Arts Club Theatre Company
Glengarry Glen Ross By David Mamet

An Interview with Gerard Plunkett, actor and a member of the cast of the Arts Club Theatre presentation of Glengarry Glen Ross

Interviewer John Jane

Gerard Plunkett

Of all the productions recently presented by the Arts Club Theatre, few have gotten the same buzz as Glengarry, Glen Ross. Ticket sales have been robust and with an extension to the run unlikely, some theatre-goers could be disappointed.

Gerard Plunkett, who takes on the role of Shelley Levene, has been seen on many locally produced television shows as well as some memorable and not so memorable movies (Snakes on a Plane, anyone). When I talked with him by telephone during a rehearsal break, it was very evident that his first love is for the stage.

He was born and raised in Dublin, Ireland and like many Dubliners is a natural story-teller. He goes so far as to credit his typical Irish upbringing to giving him an advantage in his chosen profession. Certainly, he has managed to keep busy in a field where so many other actors find it difficult to maintain employment.

He told me that the ‘Glengarry’ project was initially conceived three years ago at an informal gathering of the same group of actors that will stepping be on to stage at the Stanley theatre later this week. Gerard has enjoyed rehearsals for Glengarry which has been an essential part of the creative process in staging David Mamet’s boiler-room drama. He is also delighted to be re-united and working with fellow actors he considers friends.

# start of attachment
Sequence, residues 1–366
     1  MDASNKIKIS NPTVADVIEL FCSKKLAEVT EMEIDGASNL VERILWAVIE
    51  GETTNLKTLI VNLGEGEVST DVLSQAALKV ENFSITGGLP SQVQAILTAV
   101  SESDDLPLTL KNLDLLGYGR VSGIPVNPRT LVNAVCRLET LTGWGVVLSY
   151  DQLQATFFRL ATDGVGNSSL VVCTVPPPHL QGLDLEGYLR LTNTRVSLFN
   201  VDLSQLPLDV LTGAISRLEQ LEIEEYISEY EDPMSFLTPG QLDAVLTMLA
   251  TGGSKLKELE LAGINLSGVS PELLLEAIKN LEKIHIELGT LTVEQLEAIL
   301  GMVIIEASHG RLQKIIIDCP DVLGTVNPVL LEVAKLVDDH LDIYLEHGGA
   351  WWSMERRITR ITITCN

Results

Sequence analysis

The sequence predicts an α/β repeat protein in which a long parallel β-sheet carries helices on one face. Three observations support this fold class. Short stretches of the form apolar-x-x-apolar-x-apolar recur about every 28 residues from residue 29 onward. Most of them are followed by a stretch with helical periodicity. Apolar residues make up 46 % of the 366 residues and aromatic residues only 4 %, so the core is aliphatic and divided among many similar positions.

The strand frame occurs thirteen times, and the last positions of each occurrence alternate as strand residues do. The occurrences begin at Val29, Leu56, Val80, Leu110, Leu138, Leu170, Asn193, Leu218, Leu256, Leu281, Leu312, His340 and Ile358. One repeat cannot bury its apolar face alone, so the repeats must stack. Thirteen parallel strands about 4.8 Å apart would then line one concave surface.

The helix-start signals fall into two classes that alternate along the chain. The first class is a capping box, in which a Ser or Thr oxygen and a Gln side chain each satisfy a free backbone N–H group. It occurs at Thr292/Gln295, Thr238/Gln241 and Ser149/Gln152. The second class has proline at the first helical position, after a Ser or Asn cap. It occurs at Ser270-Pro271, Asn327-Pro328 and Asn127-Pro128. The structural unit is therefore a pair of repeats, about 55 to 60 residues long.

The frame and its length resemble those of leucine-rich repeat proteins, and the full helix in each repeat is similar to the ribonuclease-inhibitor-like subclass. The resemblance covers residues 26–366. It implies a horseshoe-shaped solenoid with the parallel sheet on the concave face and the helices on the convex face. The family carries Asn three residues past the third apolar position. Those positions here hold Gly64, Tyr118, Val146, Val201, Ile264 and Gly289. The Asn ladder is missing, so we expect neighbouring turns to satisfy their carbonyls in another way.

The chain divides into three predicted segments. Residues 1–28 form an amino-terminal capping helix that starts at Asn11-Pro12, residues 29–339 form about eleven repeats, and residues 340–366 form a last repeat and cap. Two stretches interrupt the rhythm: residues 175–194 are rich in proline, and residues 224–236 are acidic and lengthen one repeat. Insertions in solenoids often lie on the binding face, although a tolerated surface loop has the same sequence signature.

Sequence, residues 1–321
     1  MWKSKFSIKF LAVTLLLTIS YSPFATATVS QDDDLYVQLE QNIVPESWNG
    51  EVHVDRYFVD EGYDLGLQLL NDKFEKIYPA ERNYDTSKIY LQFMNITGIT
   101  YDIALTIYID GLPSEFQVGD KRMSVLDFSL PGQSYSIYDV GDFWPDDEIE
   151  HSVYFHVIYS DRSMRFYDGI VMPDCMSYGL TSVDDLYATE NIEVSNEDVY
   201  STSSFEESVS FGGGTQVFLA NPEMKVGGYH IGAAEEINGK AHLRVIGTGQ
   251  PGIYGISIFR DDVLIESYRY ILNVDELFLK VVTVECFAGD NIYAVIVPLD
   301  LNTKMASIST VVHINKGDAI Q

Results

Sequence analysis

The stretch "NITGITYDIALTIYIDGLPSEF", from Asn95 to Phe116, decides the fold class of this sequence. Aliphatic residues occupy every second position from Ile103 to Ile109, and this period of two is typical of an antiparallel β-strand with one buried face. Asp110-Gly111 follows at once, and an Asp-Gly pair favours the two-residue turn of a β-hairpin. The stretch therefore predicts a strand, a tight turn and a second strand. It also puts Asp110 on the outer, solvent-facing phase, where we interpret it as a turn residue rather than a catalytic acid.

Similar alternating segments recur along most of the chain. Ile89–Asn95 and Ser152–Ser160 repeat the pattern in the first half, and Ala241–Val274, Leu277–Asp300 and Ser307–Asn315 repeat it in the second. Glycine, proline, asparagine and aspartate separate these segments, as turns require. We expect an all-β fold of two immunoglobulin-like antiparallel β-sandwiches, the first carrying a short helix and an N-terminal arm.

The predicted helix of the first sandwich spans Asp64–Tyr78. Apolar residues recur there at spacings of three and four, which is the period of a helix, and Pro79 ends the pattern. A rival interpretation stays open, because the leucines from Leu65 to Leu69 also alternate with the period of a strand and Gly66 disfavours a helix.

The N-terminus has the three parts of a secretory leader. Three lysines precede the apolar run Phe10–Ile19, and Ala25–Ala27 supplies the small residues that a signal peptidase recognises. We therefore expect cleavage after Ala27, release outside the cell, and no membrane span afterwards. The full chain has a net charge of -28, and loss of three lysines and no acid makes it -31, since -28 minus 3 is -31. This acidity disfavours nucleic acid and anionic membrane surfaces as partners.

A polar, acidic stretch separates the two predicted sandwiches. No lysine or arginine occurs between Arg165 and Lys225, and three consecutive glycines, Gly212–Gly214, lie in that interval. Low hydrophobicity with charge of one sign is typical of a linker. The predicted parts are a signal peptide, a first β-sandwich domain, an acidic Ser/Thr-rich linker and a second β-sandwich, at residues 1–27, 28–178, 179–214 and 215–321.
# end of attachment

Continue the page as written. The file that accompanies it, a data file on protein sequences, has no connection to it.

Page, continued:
I asked him if he had seen the 1992 film adaptation which featured Jack Lemmon in the ‘Shelley’ role and how it compared to the Arts Club mounting. “The play is much more hard-hitting and in-your-face than the movie, which was made for a broader audience” he replied quickly and added, “The Shelley Levene character was emotionalized for the film, whereas the play draws a deeper contradiction of the brotherhood and the fierce rivalry of the salesmen.” While he acknowledges that the film is excellent work, he dismisses the notion that it offers any inspiration to him. “In theatre, things often evolve in the moment. One might go at see the same mounting of a play three times and see three different versions even though the lines and sets are the same.”

Gerard has a proclivity for portraying ‘outsiders’ similar to the luckless loser he plays in Glengarry. He mentioned that he would relish playing Shylock in The Merchant of Venice. Although, he does have fond memories of playing an ‘insider’ in his last Arts Club production, when he received a Jessie Richardson nomination for his work as Henry Higgins in My Fair Lady back in the Christmas holiday season of 2001.

© 2010 John Jane